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Electric Vehicle Battery Prices Forced Down by VW

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Demand and deployment for electric vehicles remains low, but automakers tend to agree that the technology could be the biggest shift in automotive technology since the invention of the automatic transmission.

The problem, of course, that electric vehicle batteries are far more expensive than any conventional powertrain. A brand new four-cylinder engine might cost $4,000, while a hybrid battery pack can cost up to $5,000. Electric vehicle battery packs run upwards of $10,000, which explains why the vehicles they are housed in tend to be more expensive. True, the Chevy Volt costs a little under $40,000, but it also only has an all-electric range of under 40 miles. The Tesla Model S, on the other hand, has over six times the range, but also starts at over twice the price. Of course, part of that is probably all the extra toys you get with the Tesla, but a large chunk of that price is the battery pack, 85 kWh compared to the Chevy’s 16 kWh battery.

To get electric vehicle battery prices down, one could go the route that Tesla Motors is going, forcing prices down by increasing the supply of lithium-ion batteries on the market. The Tesla gigafactory, when fully operational, will effectively double the worldwide production of lithium-ion cells. In turn, this will enable Tesla Motors to produce battery packs much cheaper for electric vehicles and energy storage platforms.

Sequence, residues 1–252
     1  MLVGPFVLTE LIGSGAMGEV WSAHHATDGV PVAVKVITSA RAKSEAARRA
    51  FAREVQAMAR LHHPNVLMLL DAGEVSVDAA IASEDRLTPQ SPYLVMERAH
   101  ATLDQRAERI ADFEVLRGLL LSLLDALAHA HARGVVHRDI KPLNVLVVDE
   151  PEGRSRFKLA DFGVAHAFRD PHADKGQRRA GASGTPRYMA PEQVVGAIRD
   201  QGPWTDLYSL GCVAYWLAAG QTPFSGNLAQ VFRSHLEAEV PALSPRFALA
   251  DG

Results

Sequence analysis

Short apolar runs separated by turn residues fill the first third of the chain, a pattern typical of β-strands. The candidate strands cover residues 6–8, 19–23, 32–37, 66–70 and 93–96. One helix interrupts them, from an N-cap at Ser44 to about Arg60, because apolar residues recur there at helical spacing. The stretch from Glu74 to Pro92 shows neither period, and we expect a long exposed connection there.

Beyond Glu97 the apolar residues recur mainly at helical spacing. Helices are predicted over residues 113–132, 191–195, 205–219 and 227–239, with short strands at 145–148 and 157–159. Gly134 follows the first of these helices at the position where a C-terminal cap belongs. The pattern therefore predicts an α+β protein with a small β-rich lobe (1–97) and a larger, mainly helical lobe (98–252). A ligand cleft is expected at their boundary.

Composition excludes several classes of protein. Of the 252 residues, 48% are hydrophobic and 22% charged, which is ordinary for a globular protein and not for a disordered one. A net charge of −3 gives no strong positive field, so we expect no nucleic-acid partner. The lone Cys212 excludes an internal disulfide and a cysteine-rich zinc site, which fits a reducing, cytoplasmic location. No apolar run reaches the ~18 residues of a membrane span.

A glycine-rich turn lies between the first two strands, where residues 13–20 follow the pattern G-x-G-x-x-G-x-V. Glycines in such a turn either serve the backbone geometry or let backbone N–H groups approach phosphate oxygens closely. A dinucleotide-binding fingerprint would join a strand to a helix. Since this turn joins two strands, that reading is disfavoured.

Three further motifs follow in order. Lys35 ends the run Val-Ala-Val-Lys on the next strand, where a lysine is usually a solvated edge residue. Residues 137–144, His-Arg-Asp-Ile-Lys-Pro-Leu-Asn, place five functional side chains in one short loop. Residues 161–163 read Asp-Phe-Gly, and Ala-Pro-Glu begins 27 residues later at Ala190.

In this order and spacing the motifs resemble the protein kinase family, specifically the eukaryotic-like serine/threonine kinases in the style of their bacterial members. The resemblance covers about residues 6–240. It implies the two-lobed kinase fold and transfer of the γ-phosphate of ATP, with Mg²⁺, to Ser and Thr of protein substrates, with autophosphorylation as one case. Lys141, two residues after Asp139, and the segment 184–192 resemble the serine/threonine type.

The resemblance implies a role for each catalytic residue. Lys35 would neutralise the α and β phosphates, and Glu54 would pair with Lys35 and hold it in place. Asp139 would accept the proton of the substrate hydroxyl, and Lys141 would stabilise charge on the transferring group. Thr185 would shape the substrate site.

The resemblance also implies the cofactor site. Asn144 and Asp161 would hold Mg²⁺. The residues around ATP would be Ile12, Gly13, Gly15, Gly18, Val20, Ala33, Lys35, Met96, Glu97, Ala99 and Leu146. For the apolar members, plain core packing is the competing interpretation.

Like Tesla Motors, Volkswagen has a single electric vehicle on the market, producing about 30,000 Volkswagen eGolf annually, with a couple more electric vehicles in select markets and in the future. Instead of boosting production, Volkswagen believes that standardization will help drive down electric vehicle battery prices and increase electric vehicle adoption.

The idea is that lithium-ion cell manufacturers generally make cells in three formats: cylindrical, flat pouch, or prismatic (square). One could make the module fit the cell, such as Tesla Motors has done, or make the cell fit the module. This relationship may have doomed, at least not without significant retooling, Tesla Motors to focus solely on cylindrical cells. It’s not like this has hurt the company in any way, but what about when pouch cells are cheaper than cylindrical cells? Volkswagen decided to go another route, by standardizing the module. The modules are adapted to whatever platform has in mind, and the modules can accept whatever cells happen to be cheapest at the time of manufacture. Basically, Volkswagen will let cell manufacturers underbid each other for the rights to put their cells into Volkswagen’s modules.

In the end, we’ll have to see how this plays out, but Volkswagen seems pretty confident. Might we perhaps be seeing the roots of a new competitor for the upcoming Tesla Model 3?

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5 COMMENTS